Turning the tides on child drowning
Rebecca Wear Robinson
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Should we ban water?

by Rebecca Wear Robinson on August 10, 2012

I’ve heard some interesting theories on how to end child drowning in the last four years. A couple of my favorites – eliminate swimming pools and keep children away from all water. Aside from being totally unrealistic, not to mention depressing, we in the contiguous 48 States got a taste of unrelenting hot and dry weather this summer with a July that broke all records ever recorded. So how did everyone cope? Water. Water in sprinklers, pools, endless glasses of cool water, ice, fountains, mist machines, lakes, rivers, oceans, and fire hydrants.

Aside from the corresponding increase in water bills that everyone will be seeing, will there also be a spike in drowning deaths? I’m guessing yes. The primal draw to water can not be curbed – the comfort, the fascination, and the basic fact that we can not live without water – and yet most people don’t understand how to act around water safely.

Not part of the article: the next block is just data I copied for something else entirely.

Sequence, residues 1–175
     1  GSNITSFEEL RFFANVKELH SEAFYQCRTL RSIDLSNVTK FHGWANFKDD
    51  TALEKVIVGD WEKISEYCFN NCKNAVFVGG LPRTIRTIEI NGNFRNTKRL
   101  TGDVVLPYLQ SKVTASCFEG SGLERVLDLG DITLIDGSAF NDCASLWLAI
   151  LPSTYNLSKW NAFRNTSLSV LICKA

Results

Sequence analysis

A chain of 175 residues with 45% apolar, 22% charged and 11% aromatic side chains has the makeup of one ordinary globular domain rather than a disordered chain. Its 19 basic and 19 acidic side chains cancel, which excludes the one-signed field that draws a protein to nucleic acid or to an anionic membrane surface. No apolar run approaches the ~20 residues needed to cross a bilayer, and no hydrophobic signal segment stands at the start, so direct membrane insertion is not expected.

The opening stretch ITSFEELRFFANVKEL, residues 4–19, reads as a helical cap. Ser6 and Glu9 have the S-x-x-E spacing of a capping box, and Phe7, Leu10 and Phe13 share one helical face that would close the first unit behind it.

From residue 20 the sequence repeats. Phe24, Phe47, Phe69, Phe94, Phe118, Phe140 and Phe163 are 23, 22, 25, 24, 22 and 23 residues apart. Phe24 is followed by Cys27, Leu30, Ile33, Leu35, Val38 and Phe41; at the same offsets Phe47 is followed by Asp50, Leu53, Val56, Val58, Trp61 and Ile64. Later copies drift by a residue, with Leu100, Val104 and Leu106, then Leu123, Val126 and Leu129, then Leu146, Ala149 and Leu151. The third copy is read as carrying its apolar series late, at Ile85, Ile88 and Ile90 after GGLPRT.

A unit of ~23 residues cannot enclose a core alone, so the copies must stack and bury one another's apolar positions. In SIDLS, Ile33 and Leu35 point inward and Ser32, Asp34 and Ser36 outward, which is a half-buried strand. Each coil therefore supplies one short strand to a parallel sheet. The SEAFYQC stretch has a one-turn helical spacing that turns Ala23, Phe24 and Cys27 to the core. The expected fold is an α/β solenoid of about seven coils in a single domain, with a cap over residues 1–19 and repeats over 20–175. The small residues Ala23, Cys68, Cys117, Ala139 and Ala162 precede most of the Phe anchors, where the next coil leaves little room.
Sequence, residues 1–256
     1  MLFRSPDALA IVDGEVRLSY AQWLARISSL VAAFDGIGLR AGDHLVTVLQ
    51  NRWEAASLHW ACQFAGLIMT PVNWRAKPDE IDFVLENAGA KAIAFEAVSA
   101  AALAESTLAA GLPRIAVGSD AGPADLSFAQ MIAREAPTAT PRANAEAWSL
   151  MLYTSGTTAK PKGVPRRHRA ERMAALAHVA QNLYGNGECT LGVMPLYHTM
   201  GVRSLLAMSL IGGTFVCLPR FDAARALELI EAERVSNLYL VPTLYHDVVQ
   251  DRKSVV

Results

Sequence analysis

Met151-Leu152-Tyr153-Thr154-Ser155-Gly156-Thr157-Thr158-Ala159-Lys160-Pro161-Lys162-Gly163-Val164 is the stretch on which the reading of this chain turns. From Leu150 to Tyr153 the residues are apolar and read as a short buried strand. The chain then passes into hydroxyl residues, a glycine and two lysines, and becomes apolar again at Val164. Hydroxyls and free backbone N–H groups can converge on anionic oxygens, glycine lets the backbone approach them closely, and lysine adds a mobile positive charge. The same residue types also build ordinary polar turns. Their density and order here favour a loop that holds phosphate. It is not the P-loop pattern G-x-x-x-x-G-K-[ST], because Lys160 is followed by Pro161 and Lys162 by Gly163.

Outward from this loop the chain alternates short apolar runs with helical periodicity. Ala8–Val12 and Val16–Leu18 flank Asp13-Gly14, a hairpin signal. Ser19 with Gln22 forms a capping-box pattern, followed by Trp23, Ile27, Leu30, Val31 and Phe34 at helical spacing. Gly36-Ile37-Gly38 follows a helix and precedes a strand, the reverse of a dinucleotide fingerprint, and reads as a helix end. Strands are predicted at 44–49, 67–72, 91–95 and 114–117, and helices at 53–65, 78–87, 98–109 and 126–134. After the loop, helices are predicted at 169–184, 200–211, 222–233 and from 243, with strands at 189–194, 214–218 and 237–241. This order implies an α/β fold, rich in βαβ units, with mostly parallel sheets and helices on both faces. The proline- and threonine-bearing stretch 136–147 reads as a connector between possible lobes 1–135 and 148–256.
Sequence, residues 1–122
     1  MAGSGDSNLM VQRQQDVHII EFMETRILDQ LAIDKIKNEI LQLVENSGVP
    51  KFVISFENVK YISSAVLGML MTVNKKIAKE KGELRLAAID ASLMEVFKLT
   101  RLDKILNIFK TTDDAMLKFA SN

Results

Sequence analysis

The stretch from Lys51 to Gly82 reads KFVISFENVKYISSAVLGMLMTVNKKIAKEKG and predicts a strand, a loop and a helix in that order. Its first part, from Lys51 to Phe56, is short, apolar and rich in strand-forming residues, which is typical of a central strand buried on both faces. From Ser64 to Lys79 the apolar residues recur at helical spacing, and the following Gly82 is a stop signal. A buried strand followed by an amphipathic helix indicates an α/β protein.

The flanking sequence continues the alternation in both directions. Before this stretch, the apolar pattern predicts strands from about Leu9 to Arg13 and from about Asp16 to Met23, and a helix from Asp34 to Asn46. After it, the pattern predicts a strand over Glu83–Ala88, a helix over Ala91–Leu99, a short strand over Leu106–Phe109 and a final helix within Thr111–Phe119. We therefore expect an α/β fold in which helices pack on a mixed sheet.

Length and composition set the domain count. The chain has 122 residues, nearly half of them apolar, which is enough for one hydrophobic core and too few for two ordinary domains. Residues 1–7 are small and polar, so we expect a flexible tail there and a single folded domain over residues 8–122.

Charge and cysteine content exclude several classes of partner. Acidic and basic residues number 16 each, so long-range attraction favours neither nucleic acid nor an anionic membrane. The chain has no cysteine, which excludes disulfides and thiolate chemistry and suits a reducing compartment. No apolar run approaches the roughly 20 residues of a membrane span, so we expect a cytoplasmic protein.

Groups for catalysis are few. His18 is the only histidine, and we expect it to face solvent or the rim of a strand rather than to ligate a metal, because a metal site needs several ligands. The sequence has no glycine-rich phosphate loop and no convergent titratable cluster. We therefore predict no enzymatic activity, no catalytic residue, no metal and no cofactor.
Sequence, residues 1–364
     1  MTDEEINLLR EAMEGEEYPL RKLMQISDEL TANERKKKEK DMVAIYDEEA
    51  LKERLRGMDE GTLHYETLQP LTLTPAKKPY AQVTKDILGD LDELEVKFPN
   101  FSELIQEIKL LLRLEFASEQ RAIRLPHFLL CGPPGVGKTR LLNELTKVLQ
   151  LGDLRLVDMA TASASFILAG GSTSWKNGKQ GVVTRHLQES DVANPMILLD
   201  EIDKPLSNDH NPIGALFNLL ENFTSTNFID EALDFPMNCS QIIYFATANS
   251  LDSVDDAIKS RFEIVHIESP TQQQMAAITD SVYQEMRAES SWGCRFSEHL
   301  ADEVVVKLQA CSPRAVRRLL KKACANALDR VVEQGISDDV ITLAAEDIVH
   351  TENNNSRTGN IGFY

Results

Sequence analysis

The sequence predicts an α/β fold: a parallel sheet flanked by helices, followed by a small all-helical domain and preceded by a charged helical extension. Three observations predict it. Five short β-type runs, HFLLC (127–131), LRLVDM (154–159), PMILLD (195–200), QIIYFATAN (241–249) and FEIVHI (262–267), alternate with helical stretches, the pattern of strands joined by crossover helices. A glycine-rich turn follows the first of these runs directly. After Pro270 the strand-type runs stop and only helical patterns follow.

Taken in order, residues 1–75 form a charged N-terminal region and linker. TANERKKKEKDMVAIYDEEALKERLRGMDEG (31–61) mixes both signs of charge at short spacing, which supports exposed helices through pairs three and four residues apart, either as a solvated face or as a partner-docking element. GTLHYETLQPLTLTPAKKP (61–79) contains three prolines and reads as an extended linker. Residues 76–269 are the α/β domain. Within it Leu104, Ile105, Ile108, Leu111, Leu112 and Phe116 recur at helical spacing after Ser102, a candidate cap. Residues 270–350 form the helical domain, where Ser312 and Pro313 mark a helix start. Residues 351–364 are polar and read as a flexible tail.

How to balance the danger and the need? I hope that the searing temperatures and drought of this summer will convince all of us that we need to have a better understanding of how to act around water. I hope that the result is a spike in enrollment in swimming lessons for children. I hope that we learn to conserve water and keep our water sources safe and clean. I hope that the mindset starts to shift from viewing water as a ‘natural resource’ or the enemy to a relationship that encompasses respect, appropriate caution, and joy.

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